The concept of pharmacogenomics is a newly emerging tool designed to explore a person’s genes to accurately discover what medication might work best for them. A current issue with prescription medication is the prescriber’s ultimate inability to determine with any certainty how the body and mind will react to a given medication. This can be especially difficult with medications like SSRIs, which need to build up in the system over time to demonstrate any positive or negative reactions. Current trials indicate that this approach may prove beneficial for people with mood disorders.4


Researchers are currently exploring the potential benefits of incorporating micro-doses of psychedelics like ketamine and psilocybin to address various mental health conditions, particularly PTSD and severe depression. Emerging evidence shows promise that, when added to traditional treatment options like therapy, psychedelics may provide lasting support. How psychedelics help is yet to be fully realized, but there may be a correlation between the presentation of these substances and a shift in how a person relates to their memories. When administered in a clinical setting, these substances may provide substantial relief for individuals with PTSD. 5


Transcranial Magnetic Stimulation (TMS)

This non-invasive therapy is a targeted form of brain stimulation using a magnet. A magnetic coil is placed on a patient’s head, creating an electrical current across the scalp and bone and into the surface of the brain. This allows providers to target specific areas of the brain that are responsible for mental health conditions such as depression. This treatment can be completed quickly with minimal risk of side effects. In a controlled study featuring a specific TMS methodology known as Stanford Neuromodulation Therapy, almost 80% of participants found the treatment effective.6

One of the most significant issues facing the safe use of SSRIs and other psychotropic drugs to treat depression, anxiety, and other mental health conditions is the inability to completely understand how these drugs work. Researchers have a general idea of the mechanisms that should be in place, yet there is no concrete understanding of the reactions that may occur in each individual person. This presents researchers and prescribing doctors with a serious problem – the inability to determine whether the drugs will help at all, whether they will produce short- or long-term effects, and whether those effects will truly be worth the minimal improvement that may occur.

While newer drugs are created frequently in an effort to correct these issues, there is still room for development and improvement. Here are a few that have been recently marketed.7

Transcranial Magnetic Stimulation

Caplyta (Lumateperone)

Odds are you’ve seen commercials for this antipsychotic medication. This is a once-daily pill intended to treat schizophrenia in adults.8. It is believed to work by artificially manipulating transporters and receptors of chemicals in the brain including serotonin, dopamine, norepinephrine, muscarine, and histamine. Like other current psychotropic drugs on the market, the exact way that Caplyta works is still not fully understood. Caplyta can cause serious side effects such as dizziness, stroke, uncontrollable movements, decreased blood pressure, and more.8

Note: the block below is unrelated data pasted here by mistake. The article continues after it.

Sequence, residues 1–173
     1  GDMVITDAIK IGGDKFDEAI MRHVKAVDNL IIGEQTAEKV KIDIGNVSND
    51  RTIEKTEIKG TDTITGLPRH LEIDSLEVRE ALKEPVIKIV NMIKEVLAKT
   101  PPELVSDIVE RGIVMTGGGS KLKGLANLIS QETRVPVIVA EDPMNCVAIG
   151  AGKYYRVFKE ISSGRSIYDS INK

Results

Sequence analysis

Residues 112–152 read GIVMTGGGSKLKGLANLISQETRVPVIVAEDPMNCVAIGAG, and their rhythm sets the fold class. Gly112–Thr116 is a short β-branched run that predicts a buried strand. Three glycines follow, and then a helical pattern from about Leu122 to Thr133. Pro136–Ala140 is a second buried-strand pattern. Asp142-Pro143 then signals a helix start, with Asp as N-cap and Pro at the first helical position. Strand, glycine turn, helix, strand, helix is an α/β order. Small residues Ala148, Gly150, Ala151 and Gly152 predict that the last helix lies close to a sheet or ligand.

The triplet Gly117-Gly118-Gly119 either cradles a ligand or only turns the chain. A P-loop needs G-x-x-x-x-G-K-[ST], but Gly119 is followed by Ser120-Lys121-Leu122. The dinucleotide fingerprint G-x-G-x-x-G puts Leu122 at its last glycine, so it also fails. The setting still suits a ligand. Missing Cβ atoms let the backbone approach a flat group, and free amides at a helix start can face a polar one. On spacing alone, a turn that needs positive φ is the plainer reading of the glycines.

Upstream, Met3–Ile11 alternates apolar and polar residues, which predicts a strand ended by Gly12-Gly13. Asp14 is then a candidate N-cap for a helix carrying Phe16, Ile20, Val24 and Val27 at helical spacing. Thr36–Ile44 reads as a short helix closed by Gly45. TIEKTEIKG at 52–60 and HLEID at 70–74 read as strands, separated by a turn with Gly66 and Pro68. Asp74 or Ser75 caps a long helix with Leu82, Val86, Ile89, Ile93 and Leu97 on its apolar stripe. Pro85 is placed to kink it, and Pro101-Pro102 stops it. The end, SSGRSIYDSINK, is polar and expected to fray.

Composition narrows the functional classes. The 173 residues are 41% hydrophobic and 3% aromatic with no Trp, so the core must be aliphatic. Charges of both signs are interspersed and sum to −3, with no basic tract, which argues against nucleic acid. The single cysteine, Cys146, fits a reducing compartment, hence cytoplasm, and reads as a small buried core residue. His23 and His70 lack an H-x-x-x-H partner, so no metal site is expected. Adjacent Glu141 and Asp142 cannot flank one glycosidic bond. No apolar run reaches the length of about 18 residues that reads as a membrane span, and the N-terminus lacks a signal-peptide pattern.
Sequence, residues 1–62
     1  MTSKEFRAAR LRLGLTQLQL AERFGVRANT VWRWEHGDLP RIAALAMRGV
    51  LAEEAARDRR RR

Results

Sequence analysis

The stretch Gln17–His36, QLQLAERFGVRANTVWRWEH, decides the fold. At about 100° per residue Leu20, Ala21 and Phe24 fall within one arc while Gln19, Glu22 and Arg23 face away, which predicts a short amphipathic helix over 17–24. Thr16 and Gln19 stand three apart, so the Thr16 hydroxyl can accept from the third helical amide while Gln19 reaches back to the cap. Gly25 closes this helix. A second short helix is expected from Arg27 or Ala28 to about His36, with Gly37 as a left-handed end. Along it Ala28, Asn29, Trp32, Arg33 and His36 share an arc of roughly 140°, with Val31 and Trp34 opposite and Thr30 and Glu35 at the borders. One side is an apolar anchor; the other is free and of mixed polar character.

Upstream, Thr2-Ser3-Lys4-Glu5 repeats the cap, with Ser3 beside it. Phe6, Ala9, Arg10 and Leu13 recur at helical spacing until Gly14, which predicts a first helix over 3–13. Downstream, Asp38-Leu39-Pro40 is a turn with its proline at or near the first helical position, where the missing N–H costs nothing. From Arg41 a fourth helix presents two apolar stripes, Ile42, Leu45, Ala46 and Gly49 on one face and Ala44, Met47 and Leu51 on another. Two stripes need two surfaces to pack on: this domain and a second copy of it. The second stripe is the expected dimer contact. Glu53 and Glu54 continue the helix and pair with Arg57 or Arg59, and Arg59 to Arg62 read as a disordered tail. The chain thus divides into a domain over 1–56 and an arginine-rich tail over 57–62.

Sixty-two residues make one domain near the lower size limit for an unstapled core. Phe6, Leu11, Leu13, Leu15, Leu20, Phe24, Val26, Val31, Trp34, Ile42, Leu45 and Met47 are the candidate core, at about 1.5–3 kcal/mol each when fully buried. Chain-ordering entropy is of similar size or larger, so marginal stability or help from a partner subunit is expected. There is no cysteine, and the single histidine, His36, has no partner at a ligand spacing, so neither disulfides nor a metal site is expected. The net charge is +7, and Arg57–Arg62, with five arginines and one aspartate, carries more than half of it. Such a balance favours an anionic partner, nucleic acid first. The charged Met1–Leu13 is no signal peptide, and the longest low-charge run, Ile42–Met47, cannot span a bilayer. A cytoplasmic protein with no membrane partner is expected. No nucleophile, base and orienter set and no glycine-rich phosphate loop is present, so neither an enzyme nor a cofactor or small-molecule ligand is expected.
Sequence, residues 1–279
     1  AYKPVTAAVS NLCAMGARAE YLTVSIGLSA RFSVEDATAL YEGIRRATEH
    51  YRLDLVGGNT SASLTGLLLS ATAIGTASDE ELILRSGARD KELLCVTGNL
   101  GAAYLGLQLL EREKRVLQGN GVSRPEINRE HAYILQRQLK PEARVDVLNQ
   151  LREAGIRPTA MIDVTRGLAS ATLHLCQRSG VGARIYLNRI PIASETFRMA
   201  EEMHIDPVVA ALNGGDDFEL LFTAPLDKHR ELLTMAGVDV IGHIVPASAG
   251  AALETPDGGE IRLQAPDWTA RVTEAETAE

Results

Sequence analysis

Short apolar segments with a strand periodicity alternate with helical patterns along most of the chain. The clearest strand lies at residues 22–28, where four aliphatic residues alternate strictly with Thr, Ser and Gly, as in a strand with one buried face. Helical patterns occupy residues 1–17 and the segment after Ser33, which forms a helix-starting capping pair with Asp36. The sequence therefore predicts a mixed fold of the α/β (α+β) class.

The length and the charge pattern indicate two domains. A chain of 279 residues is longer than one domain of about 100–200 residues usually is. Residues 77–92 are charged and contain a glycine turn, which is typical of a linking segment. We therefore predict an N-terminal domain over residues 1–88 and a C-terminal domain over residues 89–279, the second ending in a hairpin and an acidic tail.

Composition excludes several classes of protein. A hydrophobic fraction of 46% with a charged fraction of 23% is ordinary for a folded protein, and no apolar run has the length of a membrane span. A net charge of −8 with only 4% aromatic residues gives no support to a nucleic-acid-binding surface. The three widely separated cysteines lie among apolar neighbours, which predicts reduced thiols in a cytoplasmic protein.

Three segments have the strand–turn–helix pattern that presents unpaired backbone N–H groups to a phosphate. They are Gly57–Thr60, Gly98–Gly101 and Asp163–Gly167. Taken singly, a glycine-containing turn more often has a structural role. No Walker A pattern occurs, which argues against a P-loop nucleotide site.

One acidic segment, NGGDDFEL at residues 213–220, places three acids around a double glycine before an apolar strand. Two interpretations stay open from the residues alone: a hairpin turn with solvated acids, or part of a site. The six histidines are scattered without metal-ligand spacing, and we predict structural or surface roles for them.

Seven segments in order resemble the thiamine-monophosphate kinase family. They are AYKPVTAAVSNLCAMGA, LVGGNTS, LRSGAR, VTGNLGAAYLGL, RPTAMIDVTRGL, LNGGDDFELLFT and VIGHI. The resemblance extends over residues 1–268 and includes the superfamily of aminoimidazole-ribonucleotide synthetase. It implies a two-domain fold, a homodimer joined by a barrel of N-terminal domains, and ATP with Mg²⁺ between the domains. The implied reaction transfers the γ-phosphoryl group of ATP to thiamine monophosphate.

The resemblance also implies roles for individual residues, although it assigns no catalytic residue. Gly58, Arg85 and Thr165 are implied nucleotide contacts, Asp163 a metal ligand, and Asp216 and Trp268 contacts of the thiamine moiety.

IGALMI (Dexmedetomidine)

Although the generic medication has been around since 1999, IGALMI was approved in 2022 for agitation associated with schizophrenia and bipolar I or II disorder in adults. No studies on human subjects went beyond 24 hours after the first dose. The drug is given via a sublingual film that allows absorption within 15 minutes. As with other antipsychotic medications, IGALMI artificially modulates neurotransmitters in the brain, namely norepinephrine, which is thought to be a primary hormone involved with agitation. Common side effects can include dizziness, drowsiness, or feeling faint. As a powerful CNS depressant, it should not be given to elderly patients, or those compromised with heart conditions.9


Ruoxinlin is China’s first class 1 antidepressant for treating major depressive disorder. This specific condition can be difficult to regulate with the medications currently on the market. As a triple reuptake inhibitor capable of interacting with serotonin, norepinephrine, and dopamine, Ruoxinlin may be among what are considered next-generation antidepressants. Ruoxinlin is another hopeful drug in the decades-long quest for an antidepressant drug that actually works. Long-term trials have not occurred, and the majority of short-term trials were unpublished or undisclosed. And so, the efficacy of this new drug remains largely unknown.10

Drug Development FAQs

Drug development is a complex process that only results in a handful of drugs actually reaching the market each year out of thousands of candidates. Here are some commonly-asked drug development questions.

What Is the Oldest Psych Drug?